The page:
Posted on 26 February 2015.
By Ronnie McBrayer
A desperate executive sought the counsel of an old guru who lived in a mountain cave. The executive was living a hurried life and was frustrated. The holy man listened to his guest, then retreated deep into his cave, returning shortly with a basin.
He scooped water from the muddy little stream passing by the mouth of the cave and offered it to the executive to drink. The executive rejected it, even though he was very thirsty from his journey. The water was too dirty.
After a while he offered the water again, but this time, all the silt had settled to the bottom of the basin and the water was pristine. The man drank it. The wise man then asked, “What did you do to make the water clean?” Answer: “I didn’t do anything.”
“Exactly!” said the monk. “Your life is troubled; it is disturbed and muddy because you are always allowing the water to become agitated. Only when it is calm will you have peace. Be still and let the water settle.”
I don’t have to convince you that this world is a noisy place. Talking heads, viewpoint shows, 24-hour news, analysis on every hand, opinions like armpits. Court is always being held, comments are always being made, and there is a constant eagerness to share the oh-so-correct perspective. There’s always someone bloviating about something, and the pandemonium is so saturating it seeps into our souls.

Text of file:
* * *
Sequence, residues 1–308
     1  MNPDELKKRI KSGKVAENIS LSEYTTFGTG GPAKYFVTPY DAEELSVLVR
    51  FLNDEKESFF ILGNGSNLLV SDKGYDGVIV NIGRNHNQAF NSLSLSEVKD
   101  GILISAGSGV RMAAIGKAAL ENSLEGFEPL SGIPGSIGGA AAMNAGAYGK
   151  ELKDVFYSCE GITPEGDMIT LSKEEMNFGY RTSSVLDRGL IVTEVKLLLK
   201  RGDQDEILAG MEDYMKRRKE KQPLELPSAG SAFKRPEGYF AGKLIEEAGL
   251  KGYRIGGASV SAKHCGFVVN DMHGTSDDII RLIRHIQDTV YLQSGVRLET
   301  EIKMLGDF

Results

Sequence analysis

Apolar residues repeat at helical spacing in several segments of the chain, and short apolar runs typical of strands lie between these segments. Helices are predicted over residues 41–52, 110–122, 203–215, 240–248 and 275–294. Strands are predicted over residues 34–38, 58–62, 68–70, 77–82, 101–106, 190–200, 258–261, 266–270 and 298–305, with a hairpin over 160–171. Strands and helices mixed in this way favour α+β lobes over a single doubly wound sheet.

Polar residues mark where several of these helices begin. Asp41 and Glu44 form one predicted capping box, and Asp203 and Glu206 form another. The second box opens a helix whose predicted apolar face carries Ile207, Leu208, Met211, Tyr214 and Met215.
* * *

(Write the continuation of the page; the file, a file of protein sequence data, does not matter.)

Jesus, once instructing his disciples, called the noise “babble.” It is foolish rambling, tedious chattering, words that continue to stack up, but never really mean anything. You have to get away from it. It will be good for you—not to mention how everyone else will appreciate it as well.
I have a friend who noted recently that the words “listen” and “silent” are spelled with exactly the same letters (I had never noticed this) and he thinks they mean the same thing. I could not agree more. Stillness is the quickest way to hear God and find true peace.
Learn to turn down the noise. Learn to cultivate some distance from this clamorous world, because distance is a good thing when it comes to things and people who are harmful. Learn to keep the raucous environment that is contemporary society at arm and ear’s length, and you might begin to let the water of your own soul peacefully settle.
Ronnie McBrayer is a syndicated columnist, blogger, pastor, and author of multiple books. Visit his website at ronniemcbrayer.net